Why biologists should care about math

2 minute read

I’d like to point readers to James Crow’s article in the open access Journal of Biology. Titled, “Mayr, mathematics and the study of evolution,” it’s a brief summary of some of the important results from mathematical genetics – sort of a follow-on to Haldane’s “A defense of beanbag genetics”.

Coming fifty years after Haldane’s effort, Crow has been able to include a lot more stuff – in particular the consequences of the mathematical development of neutral theory, and the effects of computers, permutation tests, and molecular clock models in phylogenetics.

I cannot help but quote this passage, which is direct:

Ironically, Mayr himself unwittingly provided an especially compelling argument for mathematical analysis. His theory of genetic revolutions assumed that from a well integrated population, genetic drift in a small founder offshoot will sometimes produce a population with a new set of genotypes integrated in a new way. Intuitively, a small founder population seemed a particularly unlikely place to find a new favorable gene combination, and this was indeed shown to be the case in a very detailed mathematical analysis by Barton and Charlesworth [5]. If Mayr had had more respect for mathematical population genetics, he never would have made what most theorists regard as the mistake of proposing that small founder populations are a likely source of major evolutionary changes by genetic drift (Crow 2009:13.2).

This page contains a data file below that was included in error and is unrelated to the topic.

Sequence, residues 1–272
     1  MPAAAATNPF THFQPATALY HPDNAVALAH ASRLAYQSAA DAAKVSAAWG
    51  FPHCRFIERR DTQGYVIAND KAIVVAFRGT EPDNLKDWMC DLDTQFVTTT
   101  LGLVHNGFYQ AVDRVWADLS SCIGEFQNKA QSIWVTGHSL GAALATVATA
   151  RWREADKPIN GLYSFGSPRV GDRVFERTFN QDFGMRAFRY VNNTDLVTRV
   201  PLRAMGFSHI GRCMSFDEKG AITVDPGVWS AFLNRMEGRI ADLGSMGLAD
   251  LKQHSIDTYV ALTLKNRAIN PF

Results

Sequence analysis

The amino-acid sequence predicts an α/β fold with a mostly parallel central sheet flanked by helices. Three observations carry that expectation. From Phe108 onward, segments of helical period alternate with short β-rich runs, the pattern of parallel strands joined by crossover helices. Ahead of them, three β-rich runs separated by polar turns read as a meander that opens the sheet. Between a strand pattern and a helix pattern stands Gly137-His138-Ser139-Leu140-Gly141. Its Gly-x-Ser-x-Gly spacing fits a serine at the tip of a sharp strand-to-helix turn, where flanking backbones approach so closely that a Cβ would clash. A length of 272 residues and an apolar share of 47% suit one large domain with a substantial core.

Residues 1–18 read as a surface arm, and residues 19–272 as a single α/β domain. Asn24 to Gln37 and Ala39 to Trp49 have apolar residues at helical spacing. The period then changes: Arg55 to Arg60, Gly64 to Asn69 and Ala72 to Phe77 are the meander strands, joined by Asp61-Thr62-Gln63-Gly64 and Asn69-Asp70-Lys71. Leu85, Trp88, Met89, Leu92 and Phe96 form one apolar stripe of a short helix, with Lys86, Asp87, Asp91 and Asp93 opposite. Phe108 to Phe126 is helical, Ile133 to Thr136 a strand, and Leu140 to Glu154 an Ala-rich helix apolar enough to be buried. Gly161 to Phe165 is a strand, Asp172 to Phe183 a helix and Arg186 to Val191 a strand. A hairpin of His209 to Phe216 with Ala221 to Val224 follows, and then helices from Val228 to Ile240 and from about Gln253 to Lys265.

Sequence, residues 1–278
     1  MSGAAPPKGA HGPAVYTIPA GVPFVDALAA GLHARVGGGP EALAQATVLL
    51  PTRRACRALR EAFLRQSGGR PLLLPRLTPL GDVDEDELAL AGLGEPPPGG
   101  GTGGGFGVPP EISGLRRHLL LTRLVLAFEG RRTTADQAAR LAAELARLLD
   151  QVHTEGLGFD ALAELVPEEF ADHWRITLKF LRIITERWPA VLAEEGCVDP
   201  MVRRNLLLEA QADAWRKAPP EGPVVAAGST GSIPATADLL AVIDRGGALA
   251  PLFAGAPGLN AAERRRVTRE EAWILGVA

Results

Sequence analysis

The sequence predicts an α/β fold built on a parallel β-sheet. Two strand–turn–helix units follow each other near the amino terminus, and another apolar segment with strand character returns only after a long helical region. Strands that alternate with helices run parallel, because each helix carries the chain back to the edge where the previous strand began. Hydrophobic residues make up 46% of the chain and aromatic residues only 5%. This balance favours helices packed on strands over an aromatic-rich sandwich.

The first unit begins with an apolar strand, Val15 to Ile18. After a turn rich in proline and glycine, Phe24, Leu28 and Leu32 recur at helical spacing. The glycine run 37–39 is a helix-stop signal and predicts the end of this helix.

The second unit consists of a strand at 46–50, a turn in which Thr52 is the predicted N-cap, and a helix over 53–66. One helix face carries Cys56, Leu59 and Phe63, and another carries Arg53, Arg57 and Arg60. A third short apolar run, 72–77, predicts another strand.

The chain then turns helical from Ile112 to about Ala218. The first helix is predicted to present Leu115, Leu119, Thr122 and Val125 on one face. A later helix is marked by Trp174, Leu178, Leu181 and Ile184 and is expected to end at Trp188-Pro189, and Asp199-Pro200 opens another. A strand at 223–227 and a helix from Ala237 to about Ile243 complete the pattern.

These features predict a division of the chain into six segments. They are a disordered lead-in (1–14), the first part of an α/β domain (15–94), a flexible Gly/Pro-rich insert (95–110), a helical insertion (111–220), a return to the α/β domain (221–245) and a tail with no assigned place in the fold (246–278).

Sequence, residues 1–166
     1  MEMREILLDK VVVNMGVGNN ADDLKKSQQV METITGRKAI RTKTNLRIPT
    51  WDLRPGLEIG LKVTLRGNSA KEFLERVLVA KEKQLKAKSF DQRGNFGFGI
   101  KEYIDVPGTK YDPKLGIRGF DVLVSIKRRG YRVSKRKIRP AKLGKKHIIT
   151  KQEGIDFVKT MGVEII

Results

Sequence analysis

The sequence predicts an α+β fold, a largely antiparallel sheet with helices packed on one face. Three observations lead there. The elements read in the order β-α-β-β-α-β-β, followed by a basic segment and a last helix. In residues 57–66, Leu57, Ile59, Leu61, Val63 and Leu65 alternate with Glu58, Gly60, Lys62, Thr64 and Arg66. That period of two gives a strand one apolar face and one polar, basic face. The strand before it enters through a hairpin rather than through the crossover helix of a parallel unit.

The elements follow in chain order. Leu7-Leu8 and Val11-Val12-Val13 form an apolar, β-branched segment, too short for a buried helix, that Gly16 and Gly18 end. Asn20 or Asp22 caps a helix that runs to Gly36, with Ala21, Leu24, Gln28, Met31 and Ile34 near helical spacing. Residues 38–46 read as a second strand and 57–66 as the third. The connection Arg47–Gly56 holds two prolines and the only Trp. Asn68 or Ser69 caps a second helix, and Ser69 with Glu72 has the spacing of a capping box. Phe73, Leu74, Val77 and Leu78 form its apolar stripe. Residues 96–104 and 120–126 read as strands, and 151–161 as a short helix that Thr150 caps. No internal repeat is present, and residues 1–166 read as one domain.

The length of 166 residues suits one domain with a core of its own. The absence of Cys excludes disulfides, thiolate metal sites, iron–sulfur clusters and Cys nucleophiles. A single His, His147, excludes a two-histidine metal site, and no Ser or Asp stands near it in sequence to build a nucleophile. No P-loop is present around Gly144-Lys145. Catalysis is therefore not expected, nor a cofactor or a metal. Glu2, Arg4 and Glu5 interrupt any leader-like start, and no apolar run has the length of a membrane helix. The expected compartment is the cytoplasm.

Lest you think this is an argument against the role of chance, Crow later describes the more au courant view of speciation:

Until recently, mathematical theory had contributed little to the study of speciation. Mayr emphasized allopatric speciation and the prevailing model, due to Dobzhansky and Muller [9], prevailed. Recent mathematical studies [10] support it and favor the view that speciation genes correspond to normal genes, selected for their effects within the species. Furthermore, there is evidence that these genes evolve rapidly. Thus, hybrid incompatibility is a by-product of ordinary selection in geographically isolated populations (Crow 2009:13.4).

This model of speciation recognizes chance and contingency, but not mainly from stochastic fluctuations in allele frequency (drift). Instead we have the stochastic processes of mutation and environmental change and the (possibly complex) epistatic interactions among selected alleles.

There’s more in the essay. Crow does refer to human evolution – the out of Africa scenario and Neandertal genetics make appearances not entirely to my taste, but he notes that selective sweeps – dear to my heart – are an important feature of the recent landscape of mathematical genetics as well.

Crow could have included a number of other mathematical developments, particularly the Price equation, Hamilton’s contributions, and Maynard Smith’s “evolutionarily stable strategies”, all of which share his theme of the mathematical derivation coming first, and the non-mathematical descriptive formulations only coming later.


Crow JF. 2009. Mayr, mathematics and the study of evolution. J Biol 8:13. doi:10.1186/jbiol117